To prevent navel infection, spray navels of newborn calves in the paddock and on arrival at the shed. Completely spray or dip the navel with iodine. Don’t use teat spray. Failure to properly treat navels can result in infection leading to navel ill.
Use of calving aids
A moving vehicle must not be used to provide traction to assist calving (Code of Welfare: Dairy Cattle).
When using calving ropes or chains, ensure calf presentation is correct before you attach them. Pull on alternate legs to ‘walk’ the calf through the pelvis. Work with the cow and her contractions. Watching or helping your manager or vet use calving ropes or chains is the best way to learn.
Calving jacks and pulleys
The use of calving jacks and pulleys can produce a large amount of force. Ensure that you are properly trained and confident in the use of calving jacks and pulleys and are only using them when they are necessary to avoid causing damage to the cow and calf. Talk to your vet about training in using calving jacks and pulleys.
If calves are not breathing, attempt to resuscitate immediately by:
- Clearing airways
- Rubbing flank of calf vigorously
- Tickling nostril with straw/grass to stimulate sneeze
- Pouring a bucket of cold water over the head to stimulate gasp
- Performing mouth to mouth/nose
Don’t hang a calf upside down to resuscitate – this compresses the diaphragm and makes it harder for the calf to breathe.
Record all births and make sure you know the recording procedures for your farm prior to calving. Spray cows that have calved with tail paint to make drafting easier.
- cow (dam) tag number
- sex of the calf
- alive or dead
- calf identity/number
- assisted or unassisted calving.
Matching cows and calves
Check the system used on your farm for matching cows and calves. If in doubt, checking the breeding information can help; is the cow due? When was the mating date? Does the breed match the bull/sire? LIC also offers parentage/DNA testing.
ID systems - tagging in paddock
Elastic neckbands with tags Temporary identification tags can be used for newborn calves in the paddock, e.g. elastic neckbands with tags. Once back in the shed, proper tags can be put on in an environment that is clean and dry. If tagging in the paddock, ensure that the area is clean, dry and disinfected, and that the tag is in the correct place.
The below video shows how to transport calves to the shed carefully and correctly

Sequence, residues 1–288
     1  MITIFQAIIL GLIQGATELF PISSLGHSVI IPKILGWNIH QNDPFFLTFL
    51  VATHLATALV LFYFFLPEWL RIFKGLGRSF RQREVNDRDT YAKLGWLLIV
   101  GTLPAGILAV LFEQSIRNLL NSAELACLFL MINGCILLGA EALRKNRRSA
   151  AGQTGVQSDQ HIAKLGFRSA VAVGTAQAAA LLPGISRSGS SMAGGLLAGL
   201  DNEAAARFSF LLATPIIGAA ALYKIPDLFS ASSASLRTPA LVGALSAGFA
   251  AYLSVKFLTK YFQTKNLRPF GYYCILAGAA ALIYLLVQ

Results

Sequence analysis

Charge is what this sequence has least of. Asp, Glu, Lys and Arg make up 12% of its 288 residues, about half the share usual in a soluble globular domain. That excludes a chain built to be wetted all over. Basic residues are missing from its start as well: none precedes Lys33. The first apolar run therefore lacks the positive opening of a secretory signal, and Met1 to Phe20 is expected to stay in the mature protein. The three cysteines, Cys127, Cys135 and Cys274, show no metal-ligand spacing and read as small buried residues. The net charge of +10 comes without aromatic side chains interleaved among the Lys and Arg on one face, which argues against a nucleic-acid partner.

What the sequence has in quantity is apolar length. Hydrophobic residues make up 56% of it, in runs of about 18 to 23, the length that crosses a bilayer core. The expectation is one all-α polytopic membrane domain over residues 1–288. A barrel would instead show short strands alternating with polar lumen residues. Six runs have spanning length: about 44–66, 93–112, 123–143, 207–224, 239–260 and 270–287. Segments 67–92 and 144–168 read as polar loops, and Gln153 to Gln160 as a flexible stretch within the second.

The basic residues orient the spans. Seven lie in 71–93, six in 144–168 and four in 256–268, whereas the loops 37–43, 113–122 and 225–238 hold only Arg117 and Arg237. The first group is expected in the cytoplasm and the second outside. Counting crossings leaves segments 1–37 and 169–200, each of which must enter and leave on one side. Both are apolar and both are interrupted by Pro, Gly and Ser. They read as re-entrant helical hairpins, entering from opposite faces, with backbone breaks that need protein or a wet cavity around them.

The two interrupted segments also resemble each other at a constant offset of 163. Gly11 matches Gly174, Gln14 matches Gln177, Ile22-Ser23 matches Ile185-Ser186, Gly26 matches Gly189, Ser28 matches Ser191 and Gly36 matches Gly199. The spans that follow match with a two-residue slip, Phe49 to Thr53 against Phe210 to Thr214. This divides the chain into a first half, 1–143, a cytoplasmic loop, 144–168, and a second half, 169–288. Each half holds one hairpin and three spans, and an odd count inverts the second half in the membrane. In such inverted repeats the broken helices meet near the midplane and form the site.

Download this video here.
When moving cows and calves, stay safe and don’t turn your back on a newly calved cow. Even cows that are usually placid can become aggressive after calving. Keep the calf between you and the cow and don’t take any dogs or children into the calving paddock.
When lifting calves, bend your knees and keep your back straight. Get assistance if needed.
Good practice is to pick up newborn calves from the paddock twice daily to ensure they get enough gold colostrum in the first hours of life.
The trailer used for picking up calves should be cleaned and disinfected regularly. To make transport safer for calves, AstroTurf or another easily cleaned, non-slip material can be used in the bottom of the trailer. Ensure the trailer is large enough so calves can lie down comfortably. Don’t overload the trailer – make two trips if there is not enough room. Calves move around easily so travel at walking pace.
Recently calved cows are fragile and need close monitoring. Keep a close eye on the colostrum cows and report any that are showing signs of being unwell. For information on managing mastitis in transition cows click here.
Use of hip lifters
Hip lifters should only be used to assist a cow into a standing position and not to suspend a cow that is unable to stand without the additional support of a breast strap or sling.
Padded hip clamps should be applied firmly then raised slowly using a front end loader or hoist to assist the cow to stand. Using a breast strap under the brisket in conjunction with hip clamps is recommended good practice as it helps the cow up onto its front legs as the hips are raised. The additional support also minimises discomfort for the cow and provides some additional restraint, making the process safer for you and the cow. Using a full sling to stand a cow up is not recommended as the pressure on the cow's abdomen causes the muscles in the hind leg to relax.
It is okay to move a cow a short distance using a sling or breast strap, with a correctly applied hip clamp, as long as it doesn’t cause the cow any undue discomfort or distress. If you need to move a cow longer distances, use a transport tray, tandem trailer or front end loader bucket. Regardless of the method of transport, the cow must be adequately restrained to prevent any additional harm, pain or undue distress.
If the cow cannot stand on her own within 48 hours of going down, seek veterinary advice.
Correct placement of hip lifters and brisket
Watch our animation below on correct use of hip lifters. Hip lifters should only be used to assist a cow into a standing position and not to suspend a cow that is unable to stand without the additional support of a breast strap or sling.